I agree. Ball Pythons spend their time in termite burrows, and other pre dug holes, they are also nocturnal. They aren't out basking in the sun.
Even snakes that are out and about in the day sometimes, such as a cornsnake maybe, use the heat from the sun as well as heat coming off rotting vegetation piles, hot roads, rocks that hold heat well into the night, etc. Effectively meaning the take above and below heat.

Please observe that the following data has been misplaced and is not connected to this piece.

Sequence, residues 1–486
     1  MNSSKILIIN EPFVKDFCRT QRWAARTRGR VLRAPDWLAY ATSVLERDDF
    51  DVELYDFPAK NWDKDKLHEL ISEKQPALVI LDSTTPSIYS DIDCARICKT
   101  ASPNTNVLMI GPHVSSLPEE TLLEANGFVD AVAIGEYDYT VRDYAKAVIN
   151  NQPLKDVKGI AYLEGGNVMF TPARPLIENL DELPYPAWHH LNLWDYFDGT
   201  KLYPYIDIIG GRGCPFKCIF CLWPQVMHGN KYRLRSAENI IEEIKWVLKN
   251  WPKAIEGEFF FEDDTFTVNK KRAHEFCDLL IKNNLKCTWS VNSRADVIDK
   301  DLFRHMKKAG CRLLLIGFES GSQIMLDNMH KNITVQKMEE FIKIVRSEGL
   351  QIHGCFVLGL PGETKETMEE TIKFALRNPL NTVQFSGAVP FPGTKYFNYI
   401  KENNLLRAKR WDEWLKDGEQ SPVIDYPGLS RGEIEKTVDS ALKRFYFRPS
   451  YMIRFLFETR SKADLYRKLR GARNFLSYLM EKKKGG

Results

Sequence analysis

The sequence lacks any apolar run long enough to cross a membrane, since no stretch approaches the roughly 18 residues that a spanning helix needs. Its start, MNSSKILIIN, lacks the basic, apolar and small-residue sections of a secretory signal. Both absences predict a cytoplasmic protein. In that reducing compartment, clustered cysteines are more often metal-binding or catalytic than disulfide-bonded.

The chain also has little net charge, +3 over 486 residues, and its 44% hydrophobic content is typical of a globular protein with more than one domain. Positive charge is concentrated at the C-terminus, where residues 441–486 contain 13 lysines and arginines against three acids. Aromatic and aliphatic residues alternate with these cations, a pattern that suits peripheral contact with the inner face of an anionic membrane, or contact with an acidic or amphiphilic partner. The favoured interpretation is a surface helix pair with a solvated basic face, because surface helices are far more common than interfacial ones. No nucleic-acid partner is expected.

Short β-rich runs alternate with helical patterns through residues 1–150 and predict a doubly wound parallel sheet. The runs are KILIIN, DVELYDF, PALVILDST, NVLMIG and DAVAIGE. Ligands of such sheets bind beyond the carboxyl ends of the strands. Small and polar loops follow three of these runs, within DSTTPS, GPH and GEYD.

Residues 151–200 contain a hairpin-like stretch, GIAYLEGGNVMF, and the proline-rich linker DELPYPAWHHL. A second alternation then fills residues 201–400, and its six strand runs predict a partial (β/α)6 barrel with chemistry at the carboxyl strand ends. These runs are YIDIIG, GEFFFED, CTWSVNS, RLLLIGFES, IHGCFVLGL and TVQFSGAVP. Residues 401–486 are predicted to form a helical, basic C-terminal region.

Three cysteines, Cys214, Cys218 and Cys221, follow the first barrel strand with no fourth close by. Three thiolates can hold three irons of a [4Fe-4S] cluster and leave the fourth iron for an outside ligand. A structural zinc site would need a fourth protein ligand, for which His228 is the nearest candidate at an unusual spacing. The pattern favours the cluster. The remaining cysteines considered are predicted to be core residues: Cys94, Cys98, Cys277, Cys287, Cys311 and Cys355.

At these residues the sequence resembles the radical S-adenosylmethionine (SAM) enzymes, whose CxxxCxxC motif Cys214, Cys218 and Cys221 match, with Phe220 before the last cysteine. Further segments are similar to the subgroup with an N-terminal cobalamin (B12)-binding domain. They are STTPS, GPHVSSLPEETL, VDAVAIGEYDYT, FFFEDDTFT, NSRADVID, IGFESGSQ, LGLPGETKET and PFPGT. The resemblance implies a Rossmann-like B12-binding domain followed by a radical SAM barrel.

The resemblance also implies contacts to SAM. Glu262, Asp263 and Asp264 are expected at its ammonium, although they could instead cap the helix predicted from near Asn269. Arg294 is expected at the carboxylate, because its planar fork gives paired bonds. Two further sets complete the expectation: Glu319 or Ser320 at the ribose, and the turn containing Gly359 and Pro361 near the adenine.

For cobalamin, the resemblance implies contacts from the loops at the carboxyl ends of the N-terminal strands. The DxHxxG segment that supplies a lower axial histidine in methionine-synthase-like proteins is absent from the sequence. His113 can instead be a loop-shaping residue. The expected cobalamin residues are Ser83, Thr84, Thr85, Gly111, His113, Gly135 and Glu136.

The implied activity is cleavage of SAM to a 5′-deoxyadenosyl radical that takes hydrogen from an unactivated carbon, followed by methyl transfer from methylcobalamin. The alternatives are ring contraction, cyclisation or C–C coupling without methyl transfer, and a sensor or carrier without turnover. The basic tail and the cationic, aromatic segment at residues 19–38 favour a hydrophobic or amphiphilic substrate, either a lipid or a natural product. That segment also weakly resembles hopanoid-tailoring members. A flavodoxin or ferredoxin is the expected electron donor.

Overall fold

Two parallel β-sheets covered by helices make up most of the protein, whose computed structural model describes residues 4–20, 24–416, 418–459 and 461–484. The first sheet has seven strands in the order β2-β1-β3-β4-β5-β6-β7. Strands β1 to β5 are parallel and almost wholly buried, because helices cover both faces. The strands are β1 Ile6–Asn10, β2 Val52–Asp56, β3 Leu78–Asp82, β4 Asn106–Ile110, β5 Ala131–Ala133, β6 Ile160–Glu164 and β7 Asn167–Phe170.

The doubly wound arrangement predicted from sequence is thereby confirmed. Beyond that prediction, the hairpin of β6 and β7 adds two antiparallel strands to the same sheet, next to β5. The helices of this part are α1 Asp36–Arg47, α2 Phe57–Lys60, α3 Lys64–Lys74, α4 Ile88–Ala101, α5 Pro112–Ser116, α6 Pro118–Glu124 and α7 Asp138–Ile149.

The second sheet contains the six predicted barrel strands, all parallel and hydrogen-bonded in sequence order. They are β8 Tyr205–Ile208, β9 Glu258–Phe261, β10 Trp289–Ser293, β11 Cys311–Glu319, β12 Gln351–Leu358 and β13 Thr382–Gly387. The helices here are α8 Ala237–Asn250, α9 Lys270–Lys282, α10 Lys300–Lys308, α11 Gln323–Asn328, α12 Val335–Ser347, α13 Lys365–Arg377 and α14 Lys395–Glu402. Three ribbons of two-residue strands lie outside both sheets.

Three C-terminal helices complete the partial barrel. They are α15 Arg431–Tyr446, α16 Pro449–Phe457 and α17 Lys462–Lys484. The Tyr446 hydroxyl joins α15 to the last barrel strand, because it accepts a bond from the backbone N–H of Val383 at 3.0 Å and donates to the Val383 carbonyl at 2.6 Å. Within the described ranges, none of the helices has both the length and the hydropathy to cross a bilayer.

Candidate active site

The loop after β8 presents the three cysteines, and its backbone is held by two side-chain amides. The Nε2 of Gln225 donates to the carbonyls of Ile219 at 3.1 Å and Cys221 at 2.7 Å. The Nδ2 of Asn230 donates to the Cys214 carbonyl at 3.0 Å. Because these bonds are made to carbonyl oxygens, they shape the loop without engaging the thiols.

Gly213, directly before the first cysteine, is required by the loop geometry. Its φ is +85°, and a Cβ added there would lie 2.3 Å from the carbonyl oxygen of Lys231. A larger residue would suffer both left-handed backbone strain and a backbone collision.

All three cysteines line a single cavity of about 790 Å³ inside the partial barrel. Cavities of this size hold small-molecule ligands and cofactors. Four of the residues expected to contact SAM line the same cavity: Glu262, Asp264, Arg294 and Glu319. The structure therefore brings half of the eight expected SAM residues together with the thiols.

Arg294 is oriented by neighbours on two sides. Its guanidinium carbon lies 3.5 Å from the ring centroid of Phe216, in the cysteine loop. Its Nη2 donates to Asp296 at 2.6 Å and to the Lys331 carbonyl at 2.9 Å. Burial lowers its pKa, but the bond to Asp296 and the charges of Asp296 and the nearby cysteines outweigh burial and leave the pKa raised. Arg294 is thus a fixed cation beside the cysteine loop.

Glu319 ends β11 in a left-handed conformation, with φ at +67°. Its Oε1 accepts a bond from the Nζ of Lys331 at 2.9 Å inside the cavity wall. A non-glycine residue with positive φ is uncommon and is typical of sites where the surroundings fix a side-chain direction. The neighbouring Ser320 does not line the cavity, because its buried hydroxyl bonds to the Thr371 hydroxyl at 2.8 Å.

In the end personally, I think heat is heat and you can be successful with either. The problem with overhead heat for ball pythons specifically is that it has a serious drying effect. As well as being extremely bright for a hole loving, underground living snake. I would use a light for a king or corn before I'd ever use one for a Ball Python.
As for costs, I assure you my 30 watt heat tape on a thermastat takes up FAR less than my 100 watt bulb for my leopard gecko.